It’s filled with one-liners, sight gags and funny moments that play off the more standard blockbuster-style action and battle scenes. Pratt has an offhand delivery that recalls Harrison Ford in Han Solo mode, Cooper does wisecracks like a skilled Catskills comic and (ALMOST A SPOILER) there’s Baby Groot to up the cute factor. They supply the light moments, but despite Cooper’s presence, this isn’t “The Hangover” in space, it’s an all out action movie with a blithe spirit.
6.) The Lego Movie: “The Lego Movie” is possibly the weirdest, most psychedelic kid’s entertainment since “H.R. Pufnstuf.”
Released by a big corporation—Warner Bros—and based on one of the world’s most popular toys, it manages to feel as though a kid who threw away his Lego kit’s instructions and snapped the blocks together in random, fun ways made it.
The first thing you notice about “The Lego Movie” is the look. It’s computer-animated but looks like stop-motion. The film’s handmade composition isn’t slick, but it is playful, which is a perfect compliment to its Lego origins. (It should be noted, however, that the movie in no way plays like a commercial for the toys.) From the crude Lego flames to the awkward way the characters move, the movie is completely consistent in its vision of a Lego world.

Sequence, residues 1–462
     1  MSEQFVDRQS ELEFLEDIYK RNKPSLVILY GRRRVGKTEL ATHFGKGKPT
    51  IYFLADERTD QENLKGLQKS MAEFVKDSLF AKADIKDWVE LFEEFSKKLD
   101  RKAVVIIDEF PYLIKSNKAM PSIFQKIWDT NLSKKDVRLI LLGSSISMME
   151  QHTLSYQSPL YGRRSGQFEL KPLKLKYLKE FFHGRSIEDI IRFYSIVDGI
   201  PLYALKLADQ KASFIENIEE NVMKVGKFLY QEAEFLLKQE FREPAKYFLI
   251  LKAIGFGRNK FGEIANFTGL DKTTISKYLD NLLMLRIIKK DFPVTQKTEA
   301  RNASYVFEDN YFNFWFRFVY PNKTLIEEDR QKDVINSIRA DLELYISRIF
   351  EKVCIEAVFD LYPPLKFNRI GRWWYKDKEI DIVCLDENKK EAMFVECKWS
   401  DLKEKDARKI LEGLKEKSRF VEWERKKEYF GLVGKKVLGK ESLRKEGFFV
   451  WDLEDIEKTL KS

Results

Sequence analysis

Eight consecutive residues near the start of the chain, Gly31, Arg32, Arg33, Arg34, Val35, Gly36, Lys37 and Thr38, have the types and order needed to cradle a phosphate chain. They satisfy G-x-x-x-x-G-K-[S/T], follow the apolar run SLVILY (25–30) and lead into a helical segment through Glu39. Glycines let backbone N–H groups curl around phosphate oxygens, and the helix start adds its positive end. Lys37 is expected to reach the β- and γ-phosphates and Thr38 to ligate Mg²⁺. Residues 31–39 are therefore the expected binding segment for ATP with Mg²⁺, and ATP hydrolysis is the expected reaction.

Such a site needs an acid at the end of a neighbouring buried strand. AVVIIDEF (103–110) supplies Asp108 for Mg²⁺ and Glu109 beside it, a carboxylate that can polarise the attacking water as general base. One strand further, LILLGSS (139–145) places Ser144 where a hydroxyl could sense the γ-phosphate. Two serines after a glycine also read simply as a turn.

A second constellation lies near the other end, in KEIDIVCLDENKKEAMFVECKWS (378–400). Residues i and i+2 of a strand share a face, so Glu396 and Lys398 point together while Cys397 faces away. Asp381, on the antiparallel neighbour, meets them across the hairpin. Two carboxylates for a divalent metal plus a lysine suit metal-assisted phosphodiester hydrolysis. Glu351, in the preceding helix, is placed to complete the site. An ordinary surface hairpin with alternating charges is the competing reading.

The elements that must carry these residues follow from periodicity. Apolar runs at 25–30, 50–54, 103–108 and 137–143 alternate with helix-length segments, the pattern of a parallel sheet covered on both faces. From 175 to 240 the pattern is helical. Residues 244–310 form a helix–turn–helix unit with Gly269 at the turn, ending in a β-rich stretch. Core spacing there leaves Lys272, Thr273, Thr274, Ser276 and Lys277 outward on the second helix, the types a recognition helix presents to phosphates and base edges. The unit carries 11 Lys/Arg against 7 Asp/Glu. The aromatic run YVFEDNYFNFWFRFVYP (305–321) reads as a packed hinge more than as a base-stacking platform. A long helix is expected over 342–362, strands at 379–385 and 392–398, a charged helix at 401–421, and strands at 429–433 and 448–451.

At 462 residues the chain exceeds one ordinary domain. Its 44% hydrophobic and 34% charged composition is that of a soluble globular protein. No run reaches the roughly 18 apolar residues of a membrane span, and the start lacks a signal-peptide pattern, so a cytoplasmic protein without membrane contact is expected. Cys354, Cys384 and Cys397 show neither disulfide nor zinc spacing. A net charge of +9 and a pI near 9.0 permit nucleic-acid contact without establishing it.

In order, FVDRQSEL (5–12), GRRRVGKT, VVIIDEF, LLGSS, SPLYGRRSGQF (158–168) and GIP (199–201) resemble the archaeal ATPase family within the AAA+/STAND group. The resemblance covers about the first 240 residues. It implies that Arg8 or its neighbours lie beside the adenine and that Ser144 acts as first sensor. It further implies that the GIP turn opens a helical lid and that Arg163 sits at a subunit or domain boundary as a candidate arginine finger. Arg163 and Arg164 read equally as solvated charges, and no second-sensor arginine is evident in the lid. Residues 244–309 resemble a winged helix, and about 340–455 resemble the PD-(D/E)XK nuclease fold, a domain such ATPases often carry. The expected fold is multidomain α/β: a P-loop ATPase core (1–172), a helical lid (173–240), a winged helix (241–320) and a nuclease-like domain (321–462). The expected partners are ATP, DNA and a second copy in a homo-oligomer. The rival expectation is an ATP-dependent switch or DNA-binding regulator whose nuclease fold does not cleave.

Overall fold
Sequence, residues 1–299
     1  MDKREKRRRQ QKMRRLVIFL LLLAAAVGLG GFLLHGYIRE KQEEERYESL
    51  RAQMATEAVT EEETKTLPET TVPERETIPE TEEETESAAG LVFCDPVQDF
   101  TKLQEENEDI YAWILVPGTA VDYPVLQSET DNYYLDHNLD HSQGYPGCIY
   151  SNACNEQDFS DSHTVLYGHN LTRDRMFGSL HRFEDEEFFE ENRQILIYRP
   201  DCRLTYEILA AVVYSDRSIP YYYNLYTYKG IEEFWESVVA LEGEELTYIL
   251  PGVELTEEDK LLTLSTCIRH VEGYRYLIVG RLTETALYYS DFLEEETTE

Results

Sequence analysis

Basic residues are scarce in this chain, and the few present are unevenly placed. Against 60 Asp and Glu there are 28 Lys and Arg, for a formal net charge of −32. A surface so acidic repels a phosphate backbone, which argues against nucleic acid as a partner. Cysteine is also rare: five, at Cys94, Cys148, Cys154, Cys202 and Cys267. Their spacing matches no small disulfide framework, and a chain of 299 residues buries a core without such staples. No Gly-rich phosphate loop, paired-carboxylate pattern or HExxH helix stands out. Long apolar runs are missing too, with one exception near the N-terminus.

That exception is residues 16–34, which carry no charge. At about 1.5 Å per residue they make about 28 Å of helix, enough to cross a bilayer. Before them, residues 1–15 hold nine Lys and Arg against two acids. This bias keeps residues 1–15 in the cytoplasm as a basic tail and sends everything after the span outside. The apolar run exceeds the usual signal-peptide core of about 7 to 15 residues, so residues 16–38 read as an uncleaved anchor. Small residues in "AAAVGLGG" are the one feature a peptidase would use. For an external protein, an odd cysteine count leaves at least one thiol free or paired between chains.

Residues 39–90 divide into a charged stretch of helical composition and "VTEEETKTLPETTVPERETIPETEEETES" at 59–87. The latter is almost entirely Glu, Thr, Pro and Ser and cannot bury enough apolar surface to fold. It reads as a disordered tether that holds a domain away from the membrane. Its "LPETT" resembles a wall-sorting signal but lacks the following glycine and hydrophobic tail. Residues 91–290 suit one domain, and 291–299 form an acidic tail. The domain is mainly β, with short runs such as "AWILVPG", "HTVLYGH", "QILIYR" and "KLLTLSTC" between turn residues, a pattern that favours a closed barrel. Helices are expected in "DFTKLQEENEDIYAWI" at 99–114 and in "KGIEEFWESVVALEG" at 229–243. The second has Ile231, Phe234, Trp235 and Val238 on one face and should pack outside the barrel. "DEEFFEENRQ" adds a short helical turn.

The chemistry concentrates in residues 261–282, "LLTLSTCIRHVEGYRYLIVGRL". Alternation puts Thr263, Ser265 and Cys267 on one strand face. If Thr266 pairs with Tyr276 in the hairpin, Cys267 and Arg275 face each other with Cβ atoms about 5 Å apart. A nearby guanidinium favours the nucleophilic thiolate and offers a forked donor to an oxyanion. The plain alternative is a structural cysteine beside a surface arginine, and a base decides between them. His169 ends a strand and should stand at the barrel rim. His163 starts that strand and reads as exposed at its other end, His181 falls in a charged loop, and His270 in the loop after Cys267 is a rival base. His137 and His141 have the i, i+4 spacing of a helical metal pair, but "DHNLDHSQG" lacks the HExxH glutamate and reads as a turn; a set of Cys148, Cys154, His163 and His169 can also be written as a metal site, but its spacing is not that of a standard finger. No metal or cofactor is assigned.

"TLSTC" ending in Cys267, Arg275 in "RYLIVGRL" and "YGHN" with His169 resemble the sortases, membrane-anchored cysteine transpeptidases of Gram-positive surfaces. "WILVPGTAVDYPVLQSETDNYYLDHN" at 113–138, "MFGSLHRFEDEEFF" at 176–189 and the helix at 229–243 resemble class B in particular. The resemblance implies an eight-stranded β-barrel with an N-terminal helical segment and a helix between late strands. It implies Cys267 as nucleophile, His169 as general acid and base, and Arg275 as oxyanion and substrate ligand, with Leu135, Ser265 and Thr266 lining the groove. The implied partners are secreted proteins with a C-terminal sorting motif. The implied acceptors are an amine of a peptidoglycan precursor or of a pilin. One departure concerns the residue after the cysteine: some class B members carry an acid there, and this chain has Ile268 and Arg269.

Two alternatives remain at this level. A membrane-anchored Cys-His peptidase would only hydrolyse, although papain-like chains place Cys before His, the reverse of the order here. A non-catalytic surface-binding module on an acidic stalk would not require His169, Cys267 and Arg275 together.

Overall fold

The second thing you’ll notice is how off the wall the story is. It’s not just off-the-wall, it’s off-the-planet. Directors and co-writers Phil Lord and Christopher Miller have taken the movie’s credo of battling against conformity to heart and made a big budget studio movie that bends all the rules. At its heart it’s a simple hero journey, a primal story about good against evil, but frenetic storytelling and inventive twists in almost every scene add a richness that belies its humble toy story origins.
7.) Nightcrawler: The old maxim “If it bleeds it leads” has been heard at least once in every newsroom the world over. The more sensational the story, the better placement it will receive in the newspaper or on the nightly news. “Nightcrawler,” a new movie starring Jake Gyllenhaal, takes it one step further.
The news director of KWLA, Los Angeles’s lowest rated morning news show wants more than just blood. What leads on her broadcast? “A screaming woman running down the street with her throat cut.”
Gyllenhaal is Lou Bloom, a slick talking drifter who falls into the freelance news gathering business after he overhears a stringer negotiate a fee for some ENG footage. He has the chutzpa and talent to get lurid footage of crashes, fires or murders no one else can…. or will. He violates crime scenes to get “first look” footage and isn’t above sabotaging the competition. “If you’re seeing me,” he says, “you’re having the worst day of your life.”